Second-hand marijuana smoke from bongs is more dangerous than cigarette smoke


Second-hand cannabis smoke from a bong is more dangerous than cigarettes, researchers say.

In a study published Wednesday in the journal JAMA Network Open, authors from the University of California, Berkeley School of Public Health wrote that smoking a bong “is not safe.”

“Decades ago, many people thought [secondhand tobacco smoke (SHTS)] posed no risk to the health of non-smokers. Since then, scientific research has changed this perception and led to smoke-free environments. Erroneous beliefs about [secondhand cannabis smoke (SHCS)] safety encourage indoor cannabis use,” they said.

“Non-smokers are exposed to even higher concentrations of SHCS materials during ‘hot-boxing,’ the popular practice in which cannabis smokers produce large volumes of smoke in an enclosed environment. The results of this study suggest that SHCS in the home is not safe and that the public perception of the safety of SHCS needs to be addressed.

The group found that concentrations of fine particulate matter (PM2.5) generated in a home during social cannabis bong smoking to which a non-smoking resident might be exposed were significantly increased over background levels, and that PM2.5 decreased only gradually after smoking cessation. .

After 15 minutes of smoking, the average PM2.5 was more than double the Environmental Protection Agency’s (EPA) hazardous air quality threshold.

“Assuming exposure concentrations were at the average observed levels, a single session of home smoking without other exposure would generate an estimated average daily concentration that greatly exceeds the average in smoking homes, non-smoking homes, and U.S. EPA daily standard,” the researchers said.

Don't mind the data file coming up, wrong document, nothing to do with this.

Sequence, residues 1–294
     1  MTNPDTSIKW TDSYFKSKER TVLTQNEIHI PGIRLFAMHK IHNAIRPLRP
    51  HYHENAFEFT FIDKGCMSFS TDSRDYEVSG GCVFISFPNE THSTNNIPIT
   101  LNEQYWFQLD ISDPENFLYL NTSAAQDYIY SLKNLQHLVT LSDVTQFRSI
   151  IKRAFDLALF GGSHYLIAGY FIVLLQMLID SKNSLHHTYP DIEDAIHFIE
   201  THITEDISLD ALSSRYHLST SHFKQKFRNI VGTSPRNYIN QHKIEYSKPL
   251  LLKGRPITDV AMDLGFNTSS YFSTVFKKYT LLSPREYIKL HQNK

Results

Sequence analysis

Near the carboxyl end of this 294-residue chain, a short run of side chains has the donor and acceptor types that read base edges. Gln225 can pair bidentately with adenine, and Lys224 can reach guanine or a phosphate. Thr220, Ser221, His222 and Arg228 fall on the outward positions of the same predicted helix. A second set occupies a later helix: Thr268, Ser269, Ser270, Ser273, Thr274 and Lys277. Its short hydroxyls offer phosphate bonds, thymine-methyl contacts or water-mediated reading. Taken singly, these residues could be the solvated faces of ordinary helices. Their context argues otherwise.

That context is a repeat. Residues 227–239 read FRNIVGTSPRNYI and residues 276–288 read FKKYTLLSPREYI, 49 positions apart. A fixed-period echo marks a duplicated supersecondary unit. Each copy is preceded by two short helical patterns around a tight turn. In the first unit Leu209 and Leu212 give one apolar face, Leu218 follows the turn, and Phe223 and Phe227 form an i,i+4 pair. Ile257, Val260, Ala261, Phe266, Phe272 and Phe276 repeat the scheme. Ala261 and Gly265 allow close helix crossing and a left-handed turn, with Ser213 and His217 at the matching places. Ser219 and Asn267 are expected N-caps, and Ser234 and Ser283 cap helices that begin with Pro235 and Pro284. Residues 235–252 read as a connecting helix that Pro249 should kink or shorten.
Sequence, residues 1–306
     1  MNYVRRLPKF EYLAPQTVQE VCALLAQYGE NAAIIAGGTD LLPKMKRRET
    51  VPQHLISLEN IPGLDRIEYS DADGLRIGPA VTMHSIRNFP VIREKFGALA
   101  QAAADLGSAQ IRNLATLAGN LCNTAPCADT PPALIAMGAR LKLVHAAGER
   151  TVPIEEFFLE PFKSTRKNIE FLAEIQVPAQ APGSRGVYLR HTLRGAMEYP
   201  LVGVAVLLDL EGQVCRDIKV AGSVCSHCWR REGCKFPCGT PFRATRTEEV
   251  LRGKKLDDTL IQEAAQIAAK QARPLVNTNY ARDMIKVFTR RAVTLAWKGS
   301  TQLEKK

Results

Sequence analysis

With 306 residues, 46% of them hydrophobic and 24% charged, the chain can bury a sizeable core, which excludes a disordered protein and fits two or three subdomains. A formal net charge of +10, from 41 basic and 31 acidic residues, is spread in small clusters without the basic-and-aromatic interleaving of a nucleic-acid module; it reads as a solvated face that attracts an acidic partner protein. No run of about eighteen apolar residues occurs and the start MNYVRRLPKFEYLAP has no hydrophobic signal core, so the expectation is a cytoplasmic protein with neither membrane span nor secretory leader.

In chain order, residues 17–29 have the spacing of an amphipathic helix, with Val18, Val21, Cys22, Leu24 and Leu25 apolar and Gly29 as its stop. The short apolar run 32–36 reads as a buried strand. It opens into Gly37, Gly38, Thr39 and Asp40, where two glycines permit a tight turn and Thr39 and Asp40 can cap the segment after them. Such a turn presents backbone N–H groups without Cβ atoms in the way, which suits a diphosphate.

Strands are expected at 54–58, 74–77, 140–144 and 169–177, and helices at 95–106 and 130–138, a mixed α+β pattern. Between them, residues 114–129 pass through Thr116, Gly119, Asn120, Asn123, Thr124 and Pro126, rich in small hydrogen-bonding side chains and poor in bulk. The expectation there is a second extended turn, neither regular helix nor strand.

In order to reach these conclusions, PM2.5 levels of members of the Environmental Health Sciences Division were measured before, during, and after eight sessions of social cannabis use in a household’s living room.

An aerosol monitor was placed where a non-smoker could sit to record levels.

Smoking cannabis at home significantly increased PM2.5 above background levels by at least 100-fold to 1000-fold during six of eight sessions. The other two sessions had high background levels and significantly increased PM2.5 by more than 20 times.

During the first 10 minutes of smoking, mean PM2.5 concentrations increased to 410 micrograms and 570 micrograms after 15 minutes. After half an hour this level was 1000 micrograms and it rose to 2500 micrograms in one sitting.

The concentration during smoking increased to an average of 1300 micrograms.

During two-hour smoking sessions, the five-minute average peak PM2.5 concentration was 1,700 micrograms and remained half of that 90 minutes after smoking ceased.

“Each half hour after quitting smoking, the mean concentration decreased to 78% of the maximum value, then to 60%, then to 40% and, after 110 minutes, to 31%,” the authors write. “In the [one] monitored session for 12 hours after quitting, PM2.5 remained elevated at 50 [micrograms], more than 10 times the background concentration. Smoking cannabis bong at home generated [four] PM2.5 concentrations times higher than smoking or hookah.

Limitations of the study include the fact that cannabis use was not directly observed.

“Do you remember the orange days of the forest fires a year and a half ago? When the sky was orange, the particle concentrations were 10 times higher than that,” she told the Bay Area’s KRON 4 on Wednesday.

PM2.5, the main component of wildfire smoke, has been shown to be linked to lung disease and cardiovascular problems.

According to the Centers for Disease Control and Prevention (CDC), marijuana is the most commonly used federal illegal drug in the United States.

The agency said 48.2 million people, or about 18% of Americans, used it at least once in 2019.


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